INTPs are extremely analytical types who are naturally drawn to solving intellectual problems. They tend to be original thinkers who develop real expertise in their chosen field.
INTPS predominantly use intuition in their external world. This leads them to be big picture, conceptual thinkers who are drawn to the abstract and the theoretical. They take great pleasure in discussing ideas with other people – particularly those who share their intellectual approach.
INTPs’ first preference is for thinking which they use to run their interior thought processes. Their intuition comes up with new information and then their thinking sets about finding new ways to analyse it. Unlike some of the other thinking types, INTPs do not use their thinking to try to control other people or run their outer life.
INTPs are able to hold many complex thoughts in their head but they often find it difficult to do justice to the complexity of this in speech. When this happens they can feel frustrated. They may then turn to writing as it offers them a better way to convey the sophistication of their thoughts.
INTPs are very sceptical and take nothing at face value. Indeed they tend to have a very scientific attitude to life, seeing nothing as the truth but simply as the best starting point for analysis. They are often attracted to philosophy, science or social sciences and to academic life in general.
INTPs’ intellectual and sceptical approach often leads them to be the most questioning of all the types. They often feel driven to clarify and detest sloppy thinking or inconsistencies. In discussion this leads them to readily point out the flaws or illogicalities in others’ thinking. They will often contradict other people or try to engage them in debate on precise definition of terms and concepts.
Truth and honesty are vitally important to INTPs and they need to feel they are acting in congruence with their principles. It is also difficult for INTPs to respect anyone who they do not perceive as operating with intellectual or personal integrity. INTPs do not have a great need to discuss their principles with others. They discuss ideas readily yet much of their thinking is never conveyed to other people.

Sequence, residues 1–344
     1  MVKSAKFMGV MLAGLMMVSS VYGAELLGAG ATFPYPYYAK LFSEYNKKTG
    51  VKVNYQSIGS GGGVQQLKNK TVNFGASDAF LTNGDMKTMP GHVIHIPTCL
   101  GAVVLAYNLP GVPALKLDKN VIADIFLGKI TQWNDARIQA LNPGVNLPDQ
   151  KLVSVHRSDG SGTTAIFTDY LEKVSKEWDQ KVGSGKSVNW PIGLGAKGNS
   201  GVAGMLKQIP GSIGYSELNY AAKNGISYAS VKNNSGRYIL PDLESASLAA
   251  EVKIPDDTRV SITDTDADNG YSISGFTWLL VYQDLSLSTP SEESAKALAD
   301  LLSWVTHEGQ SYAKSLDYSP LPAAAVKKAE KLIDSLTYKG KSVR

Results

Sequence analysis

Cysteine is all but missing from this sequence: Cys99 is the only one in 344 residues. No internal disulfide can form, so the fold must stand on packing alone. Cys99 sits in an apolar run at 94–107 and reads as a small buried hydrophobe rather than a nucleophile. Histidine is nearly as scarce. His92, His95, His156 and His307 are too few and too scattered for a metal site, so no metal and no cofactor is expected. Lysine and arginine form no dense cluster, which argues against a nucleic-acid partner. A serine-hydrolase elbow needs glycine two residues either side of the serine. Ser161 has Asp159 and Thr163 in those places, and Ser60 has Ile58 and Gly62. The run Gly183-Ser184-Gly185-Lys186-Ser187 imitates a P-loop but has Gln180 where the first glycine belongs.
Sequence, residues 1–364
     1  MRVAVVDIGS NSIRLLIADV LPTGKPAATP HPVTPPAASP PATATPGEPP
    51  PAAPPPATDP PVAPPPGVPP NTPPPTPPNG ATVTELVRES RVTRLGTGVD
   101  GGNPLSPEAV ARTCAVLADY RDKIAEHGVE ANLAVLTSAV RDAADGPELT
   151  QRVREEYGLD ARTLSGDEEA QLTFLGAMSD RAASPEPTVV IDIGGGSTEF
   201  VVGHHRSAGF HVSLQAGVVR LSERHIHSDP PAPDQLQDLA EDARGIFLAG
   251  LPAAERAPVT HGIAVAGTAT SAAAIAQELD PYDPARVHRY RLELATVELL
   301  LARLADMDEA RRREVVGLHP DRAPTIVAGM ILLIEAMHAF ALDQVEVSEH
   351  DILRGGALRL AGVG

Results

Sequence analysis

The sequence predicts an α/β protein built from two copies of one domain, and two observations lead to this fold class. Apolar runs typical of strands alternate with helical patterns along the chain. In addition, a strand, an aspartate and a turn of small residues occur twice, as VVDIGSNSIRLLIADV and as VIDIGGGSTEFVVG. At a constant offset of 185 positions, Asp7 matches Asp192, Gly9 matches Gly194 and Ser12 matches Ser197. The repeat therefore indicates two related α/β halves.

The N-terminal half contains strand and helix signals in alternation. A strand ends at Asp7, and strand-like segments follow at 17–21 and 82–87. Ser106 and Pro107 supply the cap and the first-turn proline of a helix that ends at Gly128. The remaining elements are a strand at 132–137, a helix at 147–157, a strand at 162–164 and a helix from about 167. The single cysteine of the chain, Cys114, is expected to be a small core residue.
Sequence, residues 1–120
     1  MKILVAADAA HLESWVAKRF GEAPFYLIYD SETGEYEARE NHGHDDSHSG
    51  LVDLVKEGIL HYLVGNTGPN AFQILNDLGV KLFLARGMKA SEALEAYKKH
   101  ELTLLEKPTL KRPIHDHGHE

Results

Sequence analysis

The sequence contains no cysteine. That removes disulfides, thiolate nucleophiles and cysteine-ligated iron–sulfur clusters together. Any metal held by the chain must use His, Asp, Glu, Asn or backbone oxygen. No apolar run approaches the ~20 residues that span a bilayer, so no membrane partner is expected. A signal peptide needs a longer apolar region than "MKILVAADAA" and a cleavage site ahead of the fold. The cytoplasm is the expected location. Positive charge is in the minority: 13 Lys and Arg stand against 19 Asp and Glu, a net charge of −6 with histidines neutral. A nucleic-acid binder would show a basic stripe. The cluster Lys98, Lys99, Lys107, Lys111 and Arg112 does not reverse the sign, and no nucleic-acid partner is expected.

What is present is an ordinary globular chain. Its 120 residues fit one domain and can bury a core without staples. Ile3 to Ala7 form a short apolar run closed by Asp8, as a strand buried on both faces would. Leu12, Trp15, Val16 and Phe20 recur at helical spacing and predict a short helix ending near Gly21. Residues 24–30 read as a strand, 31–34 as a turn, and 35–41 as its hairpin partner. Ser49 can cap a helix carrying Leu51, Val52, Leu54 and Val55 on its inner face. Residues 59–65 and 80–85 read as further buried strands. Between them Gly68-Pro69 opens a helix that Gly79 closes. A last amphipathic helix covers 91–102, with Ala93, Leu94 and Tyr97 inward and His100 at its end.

INTPs value their independence greatly and expect others to reciprocate. This means that relationships can sometimes be a difficult area for them to achieve the balance between autonomy and sharing which they often desire.
Despite their natural reticence in relationships INTPs often make great networkers. They will get to know and maintain relationships with people who they think are interesting or who may have access to information which may be useful to them or their colleagues.
INTPs sometimes find it difficult to finish things unless they have a deadline. They like variety and need room for manoeuvre. Like all NPs, INTPs struggle with organisation and don’t often pay enough attention to practical details. They can find it easy to mislay things and generally find it hard to keep order and control in their outer lives. This is in contrast to the structure of the inner world.
INTPs, like their fellow type ISTPs, may be prone to outbursts of anger. Outwardly they may appear laid back people but in their head their thinking is leading them to make continual evaluations and judgments. However, as introverts, INTPs don’t tend to tell other people these thoughts until they have stepped over an invisible line. The INTPs’ annoyance then boils over and they get angry. To other people this seems to happen out of the blue and it can be a source of friction in their relationships both at work and at home.
Relationships with others, particularly paying attention to people’s feelings can be hard for INTPs. Others can resent what they see as INTPs’ desire to split hairs or indulge in intellectual competition. But INTPs often believe their verbal challenges are a sincere and genuine attempt to help the person improve their thinking.
Female INTPs often learn to curb these impulses to challenge others’ views, as they are more aware of how it can be damaging to others but male INTPs can find this a harder lesson to learn. Female INTPS often learn earlier that relationships are important and need to be nurtured.
Ultimately it is important for INTPs to manage their anger better. They can do this by learning to be more assertive and expressing their growing displeasure at an earlier stage. It is also helpful for them to begin to pay more attention to the importance of feelings – their own and others. Time management skills can also prove useful.
Words to describe INTPs
reserved original theoretical
abstract logical adaptable
speculative spontaneous conceptual
challenging resourceful discursive
precise independent sceptical
Careers attractive to INTPs
Architecture, computers, science, philosophy, social sciences, teaching, art, writing, management.
Needs at work
Anticipated work/team strengths
Potential problem areas
Likely areas for improvement
Common relationship Issues for INTPs
INTPs show caring by listening to others and challenging their thoughts processes to ensure logic and rationality.
INTPs like others to take their ideas seriously and to be prepared to debate them at length.
INTP Type Dynamics
Dominant – thinking – introverted
Auxiliary - intuition- extraverted
Tertiary - sensing
Inferior - feeling
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© Carol Craig
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